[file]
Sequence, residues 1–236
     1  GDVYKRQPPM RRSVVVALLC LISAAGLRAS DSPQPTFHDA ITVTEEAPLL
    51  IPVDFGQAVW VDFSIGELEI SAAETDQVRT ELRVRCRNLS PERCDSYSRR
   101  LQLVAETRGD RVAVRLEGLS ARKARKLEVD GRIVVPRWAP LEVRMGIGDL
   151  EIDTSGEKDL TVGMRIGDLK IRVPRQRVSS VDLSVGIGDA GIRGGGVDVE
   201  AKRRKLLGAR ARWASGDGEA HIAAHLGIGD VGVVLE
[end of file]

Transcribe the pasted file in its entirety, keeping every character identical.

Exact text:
Sequence, residues 1–236
     1  GDVYKRQPPM RRSVVVALLC LISAAGLRAS DSPQPTFHDA ITVTEEAPLL
    51  IPVDFGQAVW VDFSIGELEI SAAETDQVRT ELRVRCRNLS PERCDSYSRR
   101  LQLVAETRGD RVAVRLEGLS ARKARKLEVD GRIVVPRWAP LEVRMGIGDL
   151  EIDTSGEKDL TVGMRIGDLK IRVPRQRVSS VDLSVGIGDA GIRGGGVDVE
   201  AKRRKLLGAR ARWASGDGEA HIAAHLGIGD VGVVLE